To an average person, the human body is a massive multicellular uncertainty. Every second of every day, right under your nose, the trillions of cells comprising your giant meat suit of a body go about the business of keeping you alive, without so much as checking in.
A fundamental part of owning a human body is knowing this: everything is happening, and you can only assume that it’s going to plan. If something is suddenly not going to plan, you will eventually be made aware of it. More often than not, this will be a huge and deeply stressful inconvenience. 
But what if we could see disaster coming? What if we could keep track of these seemingly unsupervised bodily processes, and catch malfunction early?
For hundreds of years, the best we could come up with in the way of measurement was pedometers. The earliest emerged in the 15th century, but no one took much notice until the 1960s, when the popularity and accessibility of cars led to a sudden removal of Nature’s simplest keep-fit tactic: walking. 
Fast forward to 10,000 step targets and hundreds of years of health developments, and you’ll reach today’s pedometer-filled reality. But there’s more! The recent revolution in wearable technology has allowed for not just step-counting, but sleep-tracking, and even heart rate monitoring, all available at the flick of a wrist. 
So, what comes next?
Enter “drawn-on-skin” (DoS) electronics, the brainchild of Professor Cunjiang Yu and his team at the University of Houston, published last month in Nature Communications. These tattoo-like devices stand to revolutionise wearable technology for one simple reason: they won’t budge.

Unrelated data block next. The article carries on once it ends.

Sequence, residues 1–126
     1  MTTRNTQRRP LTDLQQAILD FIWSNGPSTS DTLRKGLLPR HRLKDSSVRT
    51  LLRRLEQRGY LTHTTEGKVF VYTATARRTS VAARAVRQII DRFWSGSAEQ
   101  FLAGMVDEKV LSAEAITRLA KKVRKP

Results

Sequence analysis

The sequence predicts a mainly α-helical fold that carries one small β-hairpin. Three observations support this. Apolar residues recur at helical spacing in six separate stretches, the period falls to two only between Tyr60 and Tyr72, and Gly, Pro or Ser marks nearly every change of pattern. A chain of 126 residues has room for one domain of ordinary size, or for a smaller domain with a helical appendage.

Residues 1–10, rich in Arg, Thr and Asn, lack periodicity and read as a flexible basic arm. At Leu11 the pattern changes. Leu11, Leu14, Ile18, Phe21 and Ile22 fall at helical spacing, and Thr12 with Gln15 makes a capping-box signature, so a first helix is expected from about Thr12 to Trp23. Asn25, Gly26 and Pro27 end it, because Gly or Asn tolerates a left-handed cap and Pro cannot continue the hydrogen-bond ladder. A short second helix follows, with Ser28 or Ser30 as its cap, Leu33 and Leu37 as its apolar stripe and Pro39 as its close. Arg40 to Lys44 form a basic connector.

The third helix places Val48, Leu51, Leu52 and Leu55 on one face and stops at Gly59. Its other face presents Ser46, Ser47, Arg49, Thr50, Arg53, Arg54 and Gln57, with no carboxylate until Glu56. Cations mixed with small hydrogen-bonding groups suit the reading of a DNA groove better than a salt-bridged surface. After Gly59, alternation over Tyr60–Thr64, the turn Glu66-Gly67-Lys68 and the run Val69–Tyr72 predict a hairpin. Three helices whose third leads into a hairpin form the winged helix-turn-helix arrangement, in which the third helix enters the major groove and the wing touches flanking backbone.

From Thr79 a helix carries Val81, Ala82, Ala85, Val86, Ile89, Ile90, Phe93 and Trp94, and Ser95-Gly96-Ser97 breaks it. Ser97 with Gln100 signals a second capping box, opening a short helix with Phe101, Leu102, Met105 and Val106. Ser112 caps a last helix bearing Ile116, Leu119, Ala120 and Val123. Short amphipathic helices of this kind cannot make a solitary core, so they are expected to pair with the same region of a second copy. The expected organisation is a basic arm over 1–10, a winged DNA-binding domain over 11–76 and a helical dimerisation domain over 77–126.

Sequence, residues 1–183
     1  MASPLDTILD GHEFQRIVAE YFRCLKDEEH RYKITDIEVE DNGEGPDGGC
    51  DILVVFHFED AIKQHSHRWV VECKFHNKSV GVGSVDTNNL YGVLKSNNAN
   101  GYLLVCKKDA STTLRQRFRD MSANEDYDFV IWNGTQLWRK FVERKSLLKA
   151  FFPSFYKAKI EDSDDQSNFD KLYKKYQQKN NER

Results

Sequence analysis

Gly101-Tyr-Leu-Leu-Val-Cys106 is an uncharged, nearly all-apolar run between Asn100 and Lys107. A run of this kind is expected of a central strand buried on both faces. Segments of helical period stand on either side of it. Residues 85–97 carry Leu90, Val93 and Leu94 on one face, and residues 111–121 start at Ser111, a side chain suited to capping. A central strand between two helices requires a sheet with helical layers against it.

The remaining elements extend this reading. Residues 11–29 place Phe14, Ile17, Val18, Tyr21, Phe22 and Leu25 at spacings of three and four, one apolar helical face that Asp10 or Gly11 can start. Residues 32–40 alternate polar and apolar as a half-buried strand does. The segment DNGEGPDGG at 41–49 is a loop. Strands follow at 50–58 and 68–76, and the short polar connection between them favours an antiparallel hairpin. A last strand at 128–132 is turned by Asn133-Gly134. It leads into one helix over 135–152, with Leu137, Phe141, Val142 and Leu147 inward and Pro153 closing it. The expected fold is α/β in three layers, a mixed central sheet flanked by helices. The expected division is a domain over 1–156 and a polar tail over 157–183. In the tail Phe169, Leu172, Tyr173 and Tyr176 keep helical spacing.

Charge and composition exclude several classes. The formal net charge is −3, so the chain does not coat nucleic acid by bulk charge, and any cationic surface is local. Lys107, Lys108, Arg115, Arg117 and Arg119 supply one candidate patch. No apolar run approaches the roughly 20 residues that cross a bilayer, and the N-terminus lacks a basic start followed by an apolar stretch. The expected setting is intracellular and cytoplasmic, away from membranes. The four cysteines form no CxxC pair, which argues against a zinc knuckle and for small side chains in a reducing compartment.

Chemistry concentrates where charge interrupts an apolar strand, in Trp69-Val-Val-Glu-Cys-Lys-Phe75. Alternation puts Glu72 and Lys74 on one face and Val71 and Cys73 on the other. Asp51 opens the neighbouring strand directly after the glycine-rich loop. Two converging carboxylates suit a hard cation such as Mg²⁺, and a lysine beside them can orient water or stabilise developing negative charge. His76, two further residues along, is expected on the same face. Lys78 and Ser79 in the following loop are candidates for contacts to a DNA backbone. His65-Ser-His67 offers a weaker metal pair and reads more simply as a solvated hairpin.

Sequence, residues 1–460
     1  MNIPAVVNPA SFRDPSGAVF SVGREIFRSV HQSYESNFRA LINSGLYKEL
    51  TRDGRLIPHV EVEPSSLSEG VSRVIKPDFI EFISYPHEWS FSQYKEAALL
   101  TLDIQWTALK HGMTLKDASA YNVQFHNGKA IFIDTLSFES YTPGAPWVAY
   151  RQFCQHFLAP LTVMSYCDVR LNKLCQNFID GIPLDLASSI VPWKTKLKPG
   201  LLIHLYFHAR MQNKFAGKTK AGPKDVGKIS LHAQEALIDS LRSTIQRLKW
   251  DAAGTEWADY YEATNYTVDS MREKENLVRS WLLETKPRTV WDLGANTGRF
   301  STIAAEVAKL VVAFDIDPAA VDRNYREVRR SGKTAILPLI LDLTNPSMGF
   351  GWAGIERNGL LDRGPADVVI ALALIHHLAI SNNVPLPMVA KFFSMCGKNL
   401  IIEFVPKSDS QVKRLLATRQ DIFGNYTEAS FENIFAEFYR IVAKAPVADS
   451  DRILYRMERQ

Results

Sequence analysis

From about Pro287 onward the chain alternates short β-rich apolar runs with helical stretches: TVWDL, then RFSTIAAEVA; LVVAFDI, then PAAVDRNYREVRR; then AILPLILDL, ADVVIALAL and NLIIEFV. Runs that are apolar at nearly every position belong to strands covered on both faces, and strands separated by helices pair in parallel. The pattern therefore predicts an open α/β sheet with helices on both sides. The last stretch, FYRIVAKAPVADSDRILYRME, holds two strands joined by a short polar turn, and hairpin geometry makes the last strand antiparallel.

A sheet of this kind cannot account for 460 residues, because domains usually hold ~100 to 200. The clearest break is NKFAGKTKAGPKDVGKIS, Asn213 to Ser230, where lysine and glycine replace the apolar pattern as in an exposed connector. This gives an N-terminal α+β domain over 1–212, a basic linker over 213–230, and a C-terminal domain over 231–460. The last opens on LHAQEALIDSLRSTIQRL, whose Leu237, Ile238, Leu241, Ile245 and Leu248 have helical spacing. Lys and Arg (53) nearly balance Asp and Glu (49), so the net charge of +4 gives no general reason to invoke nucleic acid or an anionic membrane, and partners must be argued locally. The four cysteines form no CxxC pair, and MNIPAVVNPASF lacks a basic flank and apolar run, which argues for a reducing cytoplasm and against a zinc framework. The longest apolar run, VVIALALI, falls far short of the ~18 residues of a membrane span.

A Fitbit is great, but it’ll move when you move. You take it off to shower, and forget to put it back on, or move in such a way that it doesn’t record the change. This doesn’t matter much when you’re only keeping track of steps, but the resulting imprecision of data like heart rate can have significant impacts if used for diagnostics and health monitoring. 
The current alternative is “wearable bioelectronics”, technological patches which can be attached to the skin. These devices produce more accurate information than smartwatches, and are used for monitoring, preventing, and treating illness or injury. However, they can still be disrupted when their sensors don’t move precisely with the skin. 
Drawn-on-skin devices, on the other hand, are applied “like you would use a pen to write on a piece of paper”, Yu says. Comprising three “electronic inks”, DoS devices are applied to the body “on-demand in a freeform manner”, to create critical sensors.
These drawn-on sensors can collect data on temperature, muscle signals, and skin hydration, as well as other electrophysiological factors like heart rate. They can be adapted to collect different types of information, and even demonstrate an ability to accelerate wound healing. 
Such seamless data collection is expected to be particularly useful in technologically-starved situations like battlegrounds, especially since the “simplicity of the drawing process” means that anyone and everyone can create DoS devices on demand. Yu’s team have even produced stencils for their designs, ensuring that neither artistic or scientific skill is required to apply them.
Pedometers one day, Fitbit the next – and perhaps, Yu’s smaller and smarter devices on the horizon.


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